This was a free Amazon book I chose to read and review for Vine.

Book Review: Selected Stories of Philip K. Dick

Title: Selected Stories of Philip K. Dick
Author: Philip K. Dick
Genre: Fiction, Sci-fi, Fantasy
Year Published: 2013

Selected Stories of Philip K. Dick is a collection of short stories in sci-fi and fantasy by Philip K. Dick. I would say it’s some of his best works. There are 21 stories and they were all enjoyable, but my favorites were:

“Beyond Lies the Wub”

“Second Variety”

“The King of the Elves”

“Adjustment Team”

“Autofac”

“The Minority Report”

“The Days of Perky Pat”

“We Can Remember It for You Wholesale”

“Faith of Our Fathers”

“The Exit Door Leads in”

“I Hope I Shall Arrive Soon”

PKD has had quite a few of his short stories and novels made into movies and TV series/episodes. Since this post is about his short stories from Selected Stories of Philip K. Dick, I’ll only be mentioning the movie adaptations from these stories. I should also mention that if you have time, read the stories first. However, if you don’t have time because you have a long list of TBRs like I do, then watch the movies.

Adaptations (those marked in red are what I’ve seen):

“Second Variety” – Screamers (1995); Screamers: The Hunting (2009)

“Paycheck” – Paycheck (2003)

“Adjustment Team” – The Adjustment Bureau (2011)

“Autofac” – Philip K. Dick’s Electric Dreams episode (2017)

“The Minority Report” – Minority Report (2002); Minority Report TV sequel adaptation (2015)

“We Can Remember It for You Wholesale” – Total Recall (1990); Total Recall (2012); Total Recall 2070 TV series (1999)

Looks like I have a lot of watching to do. If you’ve seen any of these shows, let me know what you thought and if they are worth watching. I didn’t realize PKD had so many of his stories adapted. I think it’s crazy awesome because now I don’t have any excuse not watch TV when I have nothing else to do (non-existent, really) or need a break.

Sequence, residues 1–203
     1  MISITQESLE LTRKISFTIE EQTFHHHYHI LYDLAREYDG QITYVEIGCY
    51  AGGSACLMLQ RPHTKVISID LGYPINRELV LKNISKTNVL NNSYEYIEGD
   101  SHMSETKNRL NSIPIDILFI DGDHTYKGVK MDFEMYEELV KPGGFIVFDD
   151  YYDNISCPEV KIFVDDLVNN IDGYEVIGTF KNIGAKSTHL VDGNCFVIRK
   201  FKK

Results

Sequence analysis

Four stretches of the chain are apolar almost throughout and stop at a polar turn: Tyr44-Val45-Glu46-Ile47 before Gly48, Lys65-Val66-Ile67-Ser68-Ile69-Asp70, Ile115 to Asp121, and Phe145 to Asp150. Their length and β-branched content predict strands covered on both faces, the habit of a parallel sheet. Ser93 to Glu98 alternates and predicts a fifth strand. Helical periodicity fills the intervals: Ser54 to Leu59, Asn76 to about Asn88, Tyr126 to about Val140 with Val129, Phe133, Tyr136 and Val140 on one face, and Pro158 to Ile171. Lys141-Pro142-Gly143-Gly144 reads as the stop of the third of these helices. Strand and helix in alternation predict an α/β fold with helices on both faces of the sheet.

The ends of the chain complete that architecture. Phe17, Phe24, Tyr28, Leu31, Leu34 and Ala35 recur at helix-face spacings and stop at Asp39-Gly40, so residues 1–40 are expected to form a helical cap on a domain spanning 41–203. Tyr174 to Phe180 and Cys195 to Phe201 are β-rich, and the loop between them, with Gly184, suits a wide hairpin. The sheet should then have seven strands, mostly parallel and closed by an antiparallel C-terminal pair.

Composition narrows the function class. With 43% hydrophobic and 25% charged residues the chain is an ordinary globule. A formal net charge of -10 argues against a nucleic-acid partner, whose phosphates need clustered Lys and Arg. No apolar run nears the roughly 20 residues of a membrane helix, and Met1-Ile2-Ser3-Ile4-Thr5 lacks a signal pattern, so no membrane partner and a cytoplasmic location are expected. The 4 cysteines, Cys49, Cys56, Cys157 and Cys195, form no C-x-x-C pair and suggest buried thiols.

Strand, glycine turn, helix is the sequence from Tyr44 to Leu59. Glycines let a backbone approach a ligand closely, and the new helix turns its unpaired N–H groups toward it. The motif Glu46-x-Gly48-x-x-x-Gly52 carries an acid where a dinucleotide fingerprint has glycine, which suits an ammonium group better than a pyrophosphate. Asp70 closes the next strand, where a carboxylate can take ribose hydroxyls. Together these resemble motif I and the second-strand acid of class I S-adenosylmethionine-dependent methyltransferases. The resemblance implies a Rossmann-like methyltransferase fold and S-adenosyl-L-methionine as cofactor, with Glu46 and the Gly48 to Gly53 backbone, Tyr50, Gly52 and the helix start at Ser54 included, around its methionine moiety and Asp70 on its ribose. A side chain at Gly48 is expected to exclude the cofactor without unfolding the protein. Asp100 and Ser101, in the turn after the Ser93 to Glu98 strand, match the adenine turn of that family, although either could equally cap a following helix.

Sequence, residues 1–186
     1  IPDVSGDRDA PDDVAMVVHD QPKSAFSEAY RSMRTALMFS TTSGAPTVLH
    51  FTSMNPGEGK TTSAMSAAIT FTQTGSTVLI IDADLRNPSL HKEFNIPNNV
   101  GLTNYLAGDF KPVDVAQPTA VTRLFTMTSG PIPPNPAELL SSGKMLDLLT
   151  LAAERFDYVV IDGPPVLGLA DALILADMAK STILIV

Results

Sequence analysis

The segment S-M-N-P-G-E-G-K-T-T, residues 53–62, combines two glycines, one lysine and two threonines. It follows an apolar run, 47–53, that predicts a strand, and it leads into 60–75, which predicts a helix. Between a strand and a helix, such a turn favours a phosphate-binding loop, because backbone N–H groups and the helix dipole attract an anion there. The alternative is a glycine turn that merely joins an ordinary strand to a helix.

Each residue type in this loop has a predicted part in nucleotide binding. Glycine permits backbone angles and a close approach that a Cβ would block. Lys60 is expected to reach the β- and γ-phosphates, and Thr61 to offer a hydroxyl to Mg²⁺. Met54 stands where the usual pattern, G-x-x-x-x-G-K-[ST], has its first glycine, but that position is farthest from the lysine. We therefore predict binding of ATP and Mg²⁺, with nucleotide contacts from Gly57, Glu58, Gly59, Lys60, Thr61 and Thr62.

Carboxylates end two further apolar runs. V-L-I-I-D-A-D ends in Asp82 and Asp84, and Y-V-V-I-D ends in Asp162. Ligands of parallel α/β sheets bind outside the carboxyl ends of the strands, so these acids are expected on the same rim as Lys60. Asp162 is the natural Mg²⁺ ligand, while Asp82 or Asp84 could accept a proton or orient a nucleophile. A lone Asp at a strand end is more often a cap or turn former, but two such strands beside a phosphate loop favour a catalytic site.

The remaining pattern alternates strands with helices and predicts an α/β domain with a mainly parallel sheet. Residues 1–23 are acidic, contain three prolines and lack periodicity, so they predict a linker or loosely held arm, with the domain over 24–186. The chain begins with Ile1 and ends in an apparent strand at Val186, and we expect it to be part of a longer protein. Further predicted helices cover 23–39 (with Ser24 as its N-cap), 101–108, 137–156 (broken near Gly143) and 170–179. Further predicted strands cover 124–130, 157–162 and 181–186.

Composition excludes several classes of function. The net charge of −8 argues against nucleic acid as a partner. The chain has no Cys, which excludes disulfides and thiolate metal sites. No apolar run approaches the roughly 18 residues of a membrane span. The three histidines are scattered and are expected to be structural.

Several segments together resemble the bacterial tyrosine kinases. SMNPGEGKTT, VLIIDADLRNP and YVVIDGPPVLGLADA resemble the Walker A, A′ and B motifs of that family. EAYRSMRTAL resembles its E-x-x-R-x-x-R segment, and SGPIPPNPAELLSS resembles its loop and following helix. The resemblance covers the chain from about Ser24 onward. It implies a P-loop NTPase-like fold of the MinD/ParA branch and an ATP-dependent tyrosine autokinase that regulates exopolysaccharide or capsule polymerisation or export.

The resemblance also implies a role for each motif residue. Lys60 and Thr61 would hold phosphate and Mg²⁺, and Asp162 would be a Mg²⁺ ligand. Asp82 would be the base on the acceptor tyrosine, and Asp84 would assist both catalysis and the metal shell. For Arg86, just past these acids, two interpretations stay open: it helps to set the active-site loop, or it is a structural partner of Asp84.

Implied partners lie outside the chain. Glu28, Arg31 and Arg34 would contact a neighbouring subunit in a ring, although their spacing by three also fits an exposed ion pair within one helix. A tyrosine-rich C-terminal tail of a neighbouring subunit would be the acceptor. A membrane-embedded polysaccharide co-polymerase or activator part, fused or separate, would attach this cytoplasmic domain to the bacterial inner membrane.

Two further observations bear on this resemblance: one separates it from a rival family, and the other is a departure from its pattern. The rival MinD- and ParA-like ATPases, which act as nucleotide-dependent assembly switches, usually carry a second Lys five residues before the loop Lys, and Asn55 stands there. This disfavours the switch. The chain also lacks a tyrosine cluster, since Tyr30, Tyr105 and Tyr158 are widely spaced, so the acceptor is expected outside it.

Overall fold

Book Review: Jesus and Magdalene

Title: Jesus and Magdalene
Author: João Cerqueira
Genre: Fiction, Literary, Satire, Contemporary
Year Published: 2015, 2016

Jesus and Magdalene by João Cerqueira is a contemporary fiction with satire and thought-provoking points. The story follows Jesus and Mary Magdalene as they try to figure out how to stop environmental damage, greed, and racism.

In the story, Magdalene is an environmental activist working for a group known as Green Are the Fields. This group consists of the apostles and Jesus’s mother, Mary. Judas is the leader of the group and while everyone goes along with his plans, Magdalene somewhat begins to listen to Jesus on a different approach. Jesus isn’t part of the group. He comes into the picture a little later, appearing from thin air. Magdalene brings him along to where the group was camping near the farm where genetically modified (GM) corn was being grown. They were planning to destroy the crops, but Jesus told them it was better to teach the farmer about the effects of GM rather than destroy his property.

The story jumps from GM crops to a town where a resort was going up. The labor and services provided from the resort would in turn provide money to the townspeople and boost their economy. However, greed from the engineers led to a terribly built hotel and thus nothing came of that town.

Then, the story jumps to a future Europe where gypsies, blacks, and whites live among each other. Things were peaceful until one group began blaming the other and things ended badly for everyone, including Jesus and Magdalene.

This was a very interesting story. I found myself enjoying it. I’d have to agree that in our world today, if Jesus suddenly appeared, he would actually be like the Jesus described in the book. However, if he was born and raised from birth in our world today, I believe he would have found a way to do what he could to make the world a better place. It’s not that he wasn’t trying in the book, he just wasn’t given the momentum as he was given in the New Testament. With that said, what if Jesus is actually in our world today and doing just that (making a difference) and we just don’t realize it like the characters in the book?